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Frankfurt show: Renault reveals Symbioz concept car

Life style: In the futuristic world occupied by Renault’s Symbioz concept car and house, it will not just be collectors and enthusiasts who park cars in their lounge rooms come the year 2030.

Renault sees people of 2030 parking ‘living room on wheels’ Symbioz in their homes

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Renault logo13 Sep 2017

By HAITHAM RAZAGUI in Frankfurt

RENAULT opened a window onto its vision of mobility in the year 2030 with the glass-domed Symbioz concept car at the Frankfurt motor show overnight, demonstrating how the French company sees vehicles could become integrated with customers’ homes.

Conceived and delivered with a similarly glassy concept house erected in the Frankfurt show hall, the functional Symbioz concept was demonstrated driving into the building and being raised on a platform to park on a roof terrace with its roof opened and the two rows of seats facing each other in a lounge-style layout.

In addition to ‘mind-off’ Level 4 autonomous driving capability, the Symbioz can still deliver a 500kW, rear-wheel-drive thrill ride from its pair of electric motors and accelerate from 0-100km/h in around 6.0 seconds in high-performance mode, or in ‘wellbeing’ comfort mode can travel up to 500km on a full charge.

Meanwhile, home and car entertainment systems are also integrated, the content being played in the Symbioz during a journey seamlessly continuing around the home after occupants exit the vehicle and vice-versa.

The car can also recognise which people are in its cabin and customise numerous settings based on their data to make sure everyone is as comfortable as possible.

Introducing the Symbioz at Frankfurt, Renault senior vice-president of corporate design Laurens van den Acker described the concept as “a living room on wheels” that is “not only moving you physically but is moving with you virtually”.

“You can access your digital life from your car wherever you are, your personal experiences move with you, your music can follow you into your car or if you are on your way home on a wintry night, the car can turn the heater on so you come home to a warm house,” he said.

The Symbioz was developed in conjunction with technology companies including LG, Ubisoft, Devialet, Sanef, Tomtom and IAV.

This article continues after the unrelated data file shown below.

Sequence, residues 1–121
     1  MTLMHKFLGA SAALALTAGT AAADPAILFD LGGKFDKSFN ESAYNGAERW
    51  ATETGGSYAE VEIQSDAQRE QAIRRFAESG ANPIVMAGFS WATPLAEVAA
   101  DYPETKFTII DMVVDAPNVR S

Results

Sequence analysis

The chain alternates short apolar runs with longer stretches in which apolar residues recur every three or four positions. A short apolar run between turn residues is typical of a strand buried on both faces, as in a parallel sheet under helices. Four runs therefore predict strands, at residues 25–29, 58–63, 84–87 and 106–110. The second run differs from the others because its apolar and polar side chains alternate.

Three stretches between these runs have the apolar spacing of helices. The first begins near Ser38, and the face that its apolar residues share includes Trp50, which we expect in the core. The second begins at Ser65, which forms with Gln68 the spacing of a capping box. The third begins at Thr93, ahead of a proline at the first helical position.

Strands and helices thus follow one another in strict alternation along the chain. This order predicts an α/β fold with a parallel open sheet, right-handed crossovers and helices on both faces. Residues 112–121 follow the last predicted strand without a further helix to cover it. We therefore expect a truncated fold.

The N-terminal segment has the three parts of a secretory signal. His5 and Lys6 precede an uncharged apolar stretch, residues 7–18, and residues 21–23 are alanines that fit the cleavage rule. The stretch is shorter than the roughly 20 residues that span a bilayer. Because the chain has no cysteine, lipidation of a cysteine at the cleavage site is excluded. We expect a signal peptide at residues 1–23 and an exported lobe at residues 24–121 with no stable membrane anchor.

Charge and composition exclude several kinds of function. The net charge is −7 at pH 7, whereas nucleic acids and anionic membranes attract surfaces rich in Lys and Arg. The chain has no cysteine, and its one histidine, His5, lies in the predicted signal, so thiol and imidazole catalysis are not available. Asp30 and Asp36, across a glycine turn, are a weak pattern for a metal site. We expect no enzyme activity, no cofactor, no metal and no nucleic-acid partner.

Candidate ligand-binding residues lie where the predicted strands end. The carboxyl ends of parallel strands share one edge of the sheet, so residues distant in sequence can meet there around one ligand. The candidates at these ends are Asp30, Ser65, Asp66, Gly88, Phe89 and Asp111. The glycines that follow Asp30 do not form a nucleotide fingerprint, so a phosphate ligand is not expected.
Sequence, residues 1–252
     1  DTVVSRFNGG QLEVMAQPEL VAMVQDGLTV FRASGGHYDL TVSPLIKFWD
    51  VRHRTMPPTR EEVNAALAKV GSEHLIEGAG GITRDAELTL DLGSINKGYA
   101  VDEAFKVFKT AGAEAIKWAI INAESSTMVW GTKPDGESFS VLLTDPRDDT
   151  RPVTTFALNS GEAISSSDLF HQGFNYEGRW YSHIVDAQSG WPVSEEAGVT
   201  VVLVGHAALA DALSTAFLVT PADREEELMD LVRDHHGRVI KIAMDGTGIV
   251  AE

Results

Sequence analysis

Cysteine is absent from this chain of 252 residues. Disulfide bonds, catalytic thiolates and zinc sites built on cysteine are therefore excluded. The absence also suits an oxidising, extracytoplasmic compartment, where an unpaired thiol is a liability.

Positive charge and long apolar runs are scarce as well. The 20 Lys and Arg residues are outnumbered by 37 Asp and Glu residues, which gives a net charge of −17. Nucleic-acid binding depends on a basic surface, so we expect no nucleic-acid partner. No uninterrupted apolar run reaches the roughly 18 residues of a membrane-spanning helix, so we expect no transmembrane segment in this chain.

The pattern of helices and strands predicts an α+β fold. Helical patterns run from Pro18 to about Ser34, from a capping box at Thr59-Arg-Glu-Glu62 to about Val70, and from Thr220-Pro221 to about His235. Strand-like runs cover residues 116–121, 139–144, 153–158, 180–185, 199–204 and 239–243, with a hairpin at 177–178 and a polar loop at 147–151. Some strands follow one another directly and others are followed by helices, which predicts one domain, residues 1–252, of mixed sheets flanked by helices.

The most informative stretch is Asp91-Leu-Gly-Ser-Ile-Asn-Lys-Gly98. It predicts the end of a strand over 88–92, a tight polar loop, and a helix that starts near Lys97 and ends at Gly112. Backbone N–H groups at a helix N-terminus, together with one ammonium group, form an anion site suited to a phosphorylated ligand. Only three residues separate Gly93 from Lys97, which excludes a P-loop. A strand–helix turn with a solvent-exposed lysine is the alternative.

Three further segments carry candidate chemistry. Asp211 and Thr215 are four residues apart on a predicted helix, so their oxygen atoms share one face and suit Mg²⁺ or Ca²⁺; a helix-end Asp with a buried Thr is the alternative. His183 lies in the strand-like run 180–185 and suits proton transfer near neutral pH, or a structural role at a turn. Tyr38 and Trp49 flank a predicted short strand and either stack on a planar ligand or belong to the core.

The way Renault has integrated a driver’s cloud-based media and preferences data to enable the vehicle to anticipate and act on their needs echoes that of the Peugeot Instinct autonomous plug-in hybrid concept that debuted at the Mobile World Congress in Barcelona earlier this year.

“Symbioz shows how cars can play a more integral role in our everyday lives,” Mr van den Acker said.

“Cars today already fulfil our needs to escape once in a while, to enjoy music, read, to even have a meaningful chat with your son or your daughter, you want to spend time together with your family and friends.

“What if you could extend those benefits to after you park? What if your car became simply an extension of your home.”

The electric drivetrain’s battery packs use artificial intelligence to control electricity flow between the vehicle, building and power grid, anticipating energy and driving requirements to receive charge from the building’s power supply, store off-peak or solar energy to sell it back to the grid for a profit during expensive peak power periods, stabilise supply during blackouts or provide a power boost on still, cloudy days when renewable sources are restricted.

Renault and a number of other electric vehicle manufacturers are already close to implementing Symbioz-style smart energy sharing solutions between cars, homes and the power grid.

While on the road, the Symbioz also connects with other vehicles and road infrastructure as part of its autonomous capability, which when enabled causes the dashboard, steering wheel and pedals to retract so that front occupants can rotate their seats and face rear passengers for socialising.

This layout can also be adopted when the vehicle is parked, and in the case of the Renault-designed Symbioz house, in the living room or on the roof terrace.

“The car is an extra room you can park wherever you want,” said Mr van den Acker.

“It can travel in the house … you can walk in or out of it as if it were a room, through sliding doors, seamlessly.”

With housing affordability reaching crisis point in a number of major cities, the Symbioz positively encourages the conversion of garages into extra living spaces.

“You can park it inside because it is clean, it’s electric,” said Mr van den Acker.

“You probably want to park it inside because it is beautiful, and why park such a beautiful piece of intelligent design in a dark garage when you can enjoy it inside your home.”

The Symbioz follows a long line of design concepts overseen by Mr van den Acker that each represented life stages and previewed Renault’s design direction for upcoming new models, starting with the scene-setting 2010 DeZir concept.

Renault’s design chief said the latest crop of concepts, which started at the 2016 Paris show with the electric Trezor sports coupe design study that represented an evolution of the original DeZir, “set out to explore what mobility might resemble in the future”.

“No longer can we think of car design in isolation from the ecosystem surrounding us,” he said.

Renault will create a Symbioz-inspired, road-going electric, autonomous and connected demonstration car next year to preview technologies that will feature in upcoming models between now and 2023.

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